8k race in sub 28:09 + win prize money
3 miles warmup + race drills
8k race in 27:45 w/ course marker splits of 5:33, 5:56, 5:34, 5:22, 5:16
1st place, $500
3 miles cool down with Kris Vegh for ~11 miles total
The small field of sub-elite runners in the state of NC take care of each other and make sure that we know where the prize money races are throughout the state. A couple years ago, Devin Swann informed me of a fast race, the Kinston 8000m, in Eastern NC that paid three deep. My friend and former NC resident, Heather Magill, had won the Kinston 8000m three times in a row and so had Devin, so I figured that I would finally take a stab at running it as well. After all, Garrett's parents only live 40 minutes outside of Kinston and I needed a flat course to help boost my confidence. I was in!
Garrett and I got on the road in the early afternoon in hopes of beating some of the traffic so that we could make an early dinner in Raleigh with Michelle, Thomas, and (surprise) Meagan! We made it to Raleigh in time to enjoy about 10 different 8-piece sushi rolls split between basically four adults. Somehow we spent over $150 on sushi and, more importantly, consumed 95% of it. It's always a special treat to catch up with Meagan and Michelle and I couldn't help but keep thinking of what they looked like in red wigs (flashback to my bachelorette weekend in Raleigh). After a couple of laughs and a couple of glasses of wine for Meagan, Garrett and I got on the road again. We arrived at Garrett's parent's house and I basically went directly to bed.
Flash forward to race morning, where Ann and Scott drove me to the race in Kinston in time for a nice warmup. Immediately, I surveyed my competition. First, I saw Kris Vegh get out of her car and was both happy and dismayed at the sight of her because I like her very much as a person, but I also knew that she'd beaten me at the USA Half Champs. I immediately went up to her and asked if we could warmup together, where I discovered that she had just run a 1:16 at Shamrock half six days prior and that she had basically the same race plan as me -- that is, to go out conservatively in 5:40 and gradually get faster. She also told me that a Kenyan was there and I immediately recognized her name, Divina Jepkogei. I felt certain that she had beaten me, albeit by very small margins, in past races, and immediately resolved to beat her.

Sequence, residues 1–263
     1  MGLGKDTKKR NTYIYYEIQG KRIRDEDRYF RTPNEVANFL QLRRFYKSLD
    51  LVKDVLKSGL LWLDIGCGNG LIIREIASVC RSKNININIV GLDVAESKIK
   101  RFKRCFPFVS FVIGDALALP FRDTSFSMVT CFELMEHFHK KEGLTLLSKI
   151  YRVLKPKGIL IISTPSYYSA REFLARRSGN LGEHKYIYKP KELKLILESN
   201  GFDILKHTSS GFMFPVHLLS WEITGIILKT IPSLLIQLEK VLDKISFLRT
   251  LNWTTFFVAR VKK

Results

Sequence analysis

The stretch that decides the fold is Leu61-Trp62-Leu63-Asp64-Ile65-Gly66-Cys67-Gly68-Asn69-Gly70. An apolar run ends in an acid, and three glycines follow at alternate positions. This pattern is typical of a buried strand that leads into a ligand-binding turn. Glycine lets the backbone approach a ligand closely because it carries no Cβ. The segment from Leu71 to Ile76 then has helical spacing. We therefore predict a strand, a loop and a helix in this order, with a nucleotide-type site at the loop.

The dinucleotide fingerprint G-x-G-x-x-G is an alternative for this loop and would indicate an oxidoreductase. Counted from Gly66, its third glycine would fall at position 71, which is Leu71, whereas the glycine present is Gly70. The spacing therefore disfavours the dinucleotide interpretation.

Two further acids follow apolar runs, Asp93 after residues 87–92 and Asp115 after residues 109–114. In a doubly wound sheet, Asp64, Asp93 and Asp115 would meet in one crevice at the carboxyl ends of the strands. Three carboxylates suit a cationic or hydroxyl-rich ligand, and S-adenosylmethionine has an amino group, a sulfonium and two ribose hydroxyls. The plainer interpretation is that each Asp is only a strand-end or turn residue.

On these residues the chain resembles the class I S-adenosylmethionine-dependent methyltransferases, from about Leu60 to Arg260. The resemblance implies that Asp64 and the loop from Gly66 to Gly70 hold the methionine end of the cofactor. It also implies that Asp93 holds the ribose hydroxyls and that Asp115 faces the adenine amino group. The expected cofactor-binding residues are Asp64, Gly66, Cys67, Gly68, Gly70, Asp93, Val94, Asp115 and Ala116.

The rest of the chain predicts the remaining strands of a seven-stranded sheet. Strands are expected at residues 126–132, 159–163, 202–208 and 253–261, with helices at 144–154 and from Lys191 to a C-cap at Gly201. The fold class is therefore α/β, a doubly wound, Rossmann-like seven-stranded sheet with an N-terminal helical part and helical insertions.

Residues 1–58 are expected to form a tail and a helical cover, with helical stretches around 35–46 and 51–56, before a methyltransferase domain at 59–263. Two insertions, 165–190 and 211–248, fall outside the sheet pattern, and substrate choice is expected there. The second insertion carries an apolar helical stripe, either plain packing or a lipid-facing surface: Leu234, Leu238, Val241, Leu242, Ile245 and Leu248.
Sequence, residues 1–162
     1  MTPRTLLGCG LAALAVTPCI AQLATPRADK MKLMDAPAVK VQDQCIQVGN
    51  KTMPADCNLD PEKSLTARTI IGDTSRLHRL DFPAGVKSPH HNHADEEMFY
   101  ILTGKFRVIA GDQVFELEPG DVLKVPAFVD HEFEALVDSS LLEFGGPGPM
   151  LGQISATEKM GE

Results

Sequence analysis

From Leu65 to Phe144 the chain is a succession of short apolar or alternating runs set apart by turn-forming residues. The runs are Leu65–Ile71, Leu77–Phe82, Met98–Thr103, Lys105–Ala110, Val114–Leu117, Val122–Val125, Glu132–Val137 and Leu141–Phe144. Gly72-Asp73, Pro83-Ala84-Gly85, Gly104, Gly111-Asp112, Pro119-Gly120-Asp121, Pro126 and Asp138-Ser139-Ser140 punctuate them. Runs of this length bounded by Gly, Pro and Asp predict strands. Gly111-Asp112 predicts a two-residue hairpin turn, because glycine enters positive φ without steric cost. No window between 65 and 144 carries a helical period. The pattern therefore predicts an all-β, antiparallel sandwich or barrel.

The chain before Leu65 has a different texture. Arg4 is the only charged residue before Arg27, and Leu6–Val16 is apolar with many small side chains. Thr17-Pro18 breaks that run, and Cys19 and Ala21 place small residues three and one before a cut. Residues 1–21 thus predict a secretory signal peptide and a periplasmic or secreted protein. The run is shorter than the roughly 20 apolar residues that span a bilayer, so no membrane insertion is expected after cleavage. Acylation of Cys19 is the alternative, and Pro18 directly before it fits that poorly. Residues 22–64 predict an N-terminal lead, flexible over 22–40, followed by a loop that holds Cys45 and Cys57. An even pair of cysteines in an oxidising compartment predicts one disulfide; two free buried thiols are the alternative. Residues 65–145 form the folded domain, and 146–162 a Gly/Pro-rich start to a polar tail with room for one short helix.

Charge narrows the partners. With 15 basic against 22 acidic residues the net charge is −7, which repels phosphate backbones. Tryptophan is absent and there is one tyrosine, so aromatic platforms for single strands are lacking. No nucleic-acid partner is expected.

I finally toed the line next to Kris, and the director yelled "Go!" and we were off on the perfectly flat course. I settled into a nice rhythm in the middle of Kri and Divina. We were running three abreast on the wide street, and I just relaxed next to them. My Garmin had our lap pace as 5:40, so I felt very good about our start. Then, of course, we came through the course marker in 5:33. The next mile, we turned down the main street of Kinston, and the three of us were still running side by side. After I saw the 2 mile split of 5:56, I told myself that I didn't come here to tempo, and immediately began to push the pace. Kris and Divina stayed with me through about 2.5 miles We rounded a left turn through a neighborhood, and I put on another surge through the turn. I couldn't help but think that all the practice for a proper u-turn technique for the Olympic Trials Marathon course finally was coming in handy! I could sense that Divina was falling slightly off and kept going. After that dismal 2 mile split, I stopped looking at my watch. I did listen for my 4 mile split - 22:27 - which was a 4 miler PR. I still had no idea if I was going to break 28:00 and honestly, after the 2 mile split, I thought there was no chance. By the final mile, I could tell that no one was within reaching distance to me unless they unleashed a killer kick, so I tried to use my own motivation to keep me powering through. There weren't any men within distance that I could use as bait, so I just pushed hard. Right before the finish, I passed Mother Earth Brewery, and silently thanked them for providing beer for my wedding. I crossed the finish line in 27:45, with a 24 second PR and earning $500.
Considering that I've reduced my mileage by about 25%, I am absolutely thrilled that I was able to PR in basically my first real race back since the Army Ten Miler. For the first time in over 9 months, I felt hungry for competition and enjoyed fighting for a top place. I'm also very pleased with the faster splits in the last half of the race. I basically ran some of the fastest mile splits I've seen in a race in a couple of years. Now I really want to jump into a 5k so that I can break 17:00!!!
Finally - my Garmin splits were a bit more accurate than my manual splits...They were 5:40, 5:42, 5:32, 5:18, 5:16 - which shows a nice progression.
The 2017 Boston Marathon
3 days ago